So since I expect that between the motor and the pedals to be increasing the torque applied at that point, I'd better use something with more surface area to transfer that torque. All I had without serious time making my own (possibly weeks of spare time filing) was two chainrings sets with square-taper holes (not counting the one on my upright bike, which has to stay functional). One 2-ring unit with the damaged crank above, and one much smaller 3-ring unit I'd already been using on the righthand (rearwheel) drivetrain of this bike--the orange one below.

Since the smallest chainring (granny ring) was the best match for 1:1 operation with the motor and it's magically-fitting chainring, that left me the middle ring and the largest ring for the pedal chain. Both of those being significantly larger than the pedal chainring at that time (the orange small one two pics up on the righthand side of the bike now), they'd leave me with virtually no speed when on pedals, and my feet flying off the pedals when the motor ran. Plenty of torque, though, I guess. ;)

That left me with needing to change the front chainring, on the pedals, to something larger, preferably something 1:1 with the smaller of those chainrings. I didn't have anything the right size for that that could be mounted on there easily. I had hoped I'd find something that I could just bolt onto the small already-welded-on chainring, but nothing had the same mounting holes, nor any place I could drill them without weakening it too far. There were some that were sort of close, but they'd've been loose and not stayed in position properly, and if it didn't cause the chain to come off it'd still wear thru the bolts holding it on, eventually, and cause a worse disaster out on the road someplace when I'd finally forgotten about the problem. :(

So I did the next best thing: I took the only chainring I had off a one-piece-cranks bike that would let me later change the chainring itself if I had to (it's held on with 5 screws), and welded that center spider to the *other* crank (the one originally *intended* to be on the left side of the bike) and flipped the cranks back over. So now I have an unused small chainring on the righthand crank, but it doesn't cause a problem nor add significant weight. It just looks odd.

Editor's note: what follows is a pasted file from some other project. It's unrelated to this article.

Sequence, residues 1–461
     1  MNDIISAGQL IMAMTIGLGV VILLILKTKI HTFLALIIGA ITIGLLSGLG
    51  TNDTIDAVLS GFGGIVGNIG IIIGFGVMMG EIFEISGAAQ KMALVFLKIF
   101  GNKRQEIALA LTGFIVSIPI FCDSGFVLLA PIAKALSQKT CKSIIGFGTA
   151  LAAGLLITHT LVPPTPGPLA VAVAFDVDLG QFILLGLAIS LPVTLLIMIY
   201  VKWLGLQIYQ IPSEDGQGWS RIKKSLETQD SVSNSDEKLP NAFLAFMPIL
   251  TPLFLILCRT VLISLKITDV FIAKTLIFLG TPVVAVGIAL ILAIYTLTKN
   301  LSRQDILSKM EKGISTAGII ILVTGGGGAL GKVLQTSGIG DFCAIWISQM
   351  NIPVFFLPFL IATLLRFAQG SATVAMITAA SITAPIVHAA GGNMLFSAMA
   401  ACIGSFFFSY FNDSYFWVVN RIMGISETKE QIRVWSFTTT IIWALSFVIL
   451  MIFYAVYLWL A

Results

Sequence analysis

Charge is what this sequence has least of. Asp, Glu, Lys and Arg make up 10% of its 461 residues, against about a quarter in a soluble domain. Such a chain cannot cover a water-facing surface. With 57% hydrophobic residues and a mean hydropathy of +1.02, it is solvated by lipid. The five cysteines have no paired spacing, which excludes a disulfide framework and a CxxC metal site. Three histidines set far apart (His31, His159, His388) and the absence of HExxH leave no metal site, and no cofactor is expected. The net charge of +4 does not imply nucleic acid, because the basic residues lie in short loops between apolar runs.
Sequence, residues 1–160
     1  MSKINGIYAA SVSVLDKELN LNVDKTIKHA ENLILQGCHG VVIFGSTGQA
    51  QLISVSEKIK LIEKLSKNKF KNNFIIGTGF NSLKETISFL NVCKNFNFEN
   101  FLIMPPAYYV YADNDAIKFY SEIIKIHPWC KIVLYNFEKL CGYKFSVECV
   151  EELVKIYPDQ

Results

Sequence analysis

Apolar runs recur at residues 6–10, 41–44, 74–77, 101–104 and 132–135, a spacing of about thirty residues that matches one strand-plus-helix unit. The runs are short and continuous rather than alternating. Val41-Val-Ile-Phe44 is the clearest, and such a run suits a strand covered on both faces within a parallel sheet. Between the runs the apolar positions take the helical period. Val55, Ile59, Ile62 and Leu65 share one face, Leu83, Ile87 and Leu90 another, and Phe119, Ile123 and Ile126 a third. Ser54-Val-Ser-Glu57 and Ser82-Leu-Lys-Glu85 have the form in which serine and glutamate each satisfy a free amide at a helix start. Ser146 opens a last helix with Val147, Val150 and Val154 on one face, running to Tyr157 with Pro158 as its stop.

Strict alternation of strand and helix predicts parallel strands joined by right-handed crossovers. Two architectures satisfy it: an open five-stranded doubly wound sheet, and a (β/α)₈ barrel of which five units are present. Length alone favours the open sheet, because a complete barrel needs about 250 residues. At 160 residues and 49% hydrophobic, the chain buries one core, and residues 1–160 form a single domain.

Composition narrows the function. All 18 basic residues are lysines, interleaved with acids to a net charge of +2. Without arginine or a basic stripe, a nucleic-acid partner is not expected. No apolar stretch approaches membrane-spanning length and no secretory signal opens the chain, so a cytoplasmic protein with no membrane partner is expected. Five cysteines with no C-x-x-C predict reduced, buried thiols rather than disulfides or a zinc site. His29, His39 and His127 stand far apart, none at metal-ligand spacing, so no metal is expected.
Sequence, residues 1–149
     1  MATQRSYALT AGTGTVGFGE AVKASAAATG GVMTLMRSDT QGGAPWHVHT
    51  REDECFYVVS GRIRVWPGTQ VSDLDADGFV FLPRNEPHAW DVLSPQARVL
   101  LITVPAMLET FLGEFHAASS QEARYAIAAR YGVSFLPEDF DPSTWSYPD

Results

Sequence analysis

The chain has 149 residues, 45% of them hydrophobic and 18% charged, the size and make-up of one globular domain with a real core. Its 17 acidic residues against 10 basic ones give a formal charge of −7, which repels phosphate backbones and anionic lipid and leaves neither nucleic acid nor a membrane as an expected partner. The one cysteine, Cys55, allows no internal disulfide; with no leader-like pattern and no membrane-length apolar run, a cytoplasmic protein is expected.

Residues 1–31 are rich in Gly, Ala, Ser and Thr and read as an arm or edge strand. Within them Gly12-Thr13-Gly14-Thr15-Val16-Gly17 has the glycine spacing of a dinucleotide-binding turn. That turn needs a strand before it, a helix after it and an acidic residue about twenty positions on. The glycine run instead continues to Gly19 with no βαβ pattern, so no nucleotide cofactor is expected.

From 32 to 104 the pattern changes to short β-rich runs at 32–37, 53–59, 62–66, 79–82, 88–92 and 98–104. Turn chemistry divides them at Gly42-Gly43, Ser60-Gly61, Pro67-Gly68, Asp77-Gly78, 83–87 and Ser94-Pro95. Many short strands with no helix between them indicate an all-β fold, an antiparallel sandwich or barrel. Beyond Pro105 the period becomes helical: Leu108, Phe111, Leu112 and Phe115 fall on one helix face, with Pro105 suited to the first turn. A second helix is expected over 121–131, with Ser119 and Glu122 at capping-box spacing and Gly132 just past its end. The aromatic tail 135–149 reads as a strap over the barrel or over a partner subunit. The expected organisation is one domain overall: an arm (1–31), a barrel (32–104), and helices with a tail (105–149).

The chainring just added and the largest of the 3 receivers are about the same number of teeth (I didn't count them yet, as I didn't really have any choices on parts for this section, so it doesn't yet matter). They also line up almost perfectly; well enough to not have the chain come off.

It didn't have a way to tension it, though, as I haven't built the tensioner/throttle for this drivetrain yet (still pondering it), so I put the derailer back on as a tensioner/guide for now, attached to that bedframe piece.

You can also more clearly see the plate welded to the bottom of the Magna's triangle, which has slot-shaped holes in it for the 6 mounting screws in the top of the motor's gearbox, and for the clutch exit/lever mounting point. The clearance for the motor and chainring on the motor's hub was exact, but I miscalculated the chain's thickness, so it rubs lightly on the bottom of the plate. I used shim-type spacers (made of a broken hacksaw blade) between the motor and the plate to try to fix that, but it is not enough, and I'll need to use more shim thickness.

A friend (Mark) was here at the time, and helped me file out some of those motor mounting holes in that plate, while the very stiff cold wind tried to blow us away.


Motor mounting screws I thought would be a problem, but it turns out that modern non-caliper brakes (with studs either side of the wheel for pivots) use screws with the same diameter and thread pitch, and I have a handful of unused ones that quickly filled the bill. They are not long enough for one part of the moutning, so they only grab a few threads there, but the other side is fine. Hopefully I'll run across longer screws in something I'm repurposing, before there are any problems.

This is the clutch for the motor's gearbox. It's that small lever pointed off to the left, in the bottom center of the pic.

If I have to use that for any length of time, without being able to figure out and install a freewheel, I'll be putting a thumb-style shifter lever on my handlebars for it, to pull it open when I need to disengage the motor (as that's only easily done at certain points in the gear revolution cycles inside the gearbox). I'd rather just use a freewheeling setup, but that is going to take time to figure out exactly how to do it with the parts I already have.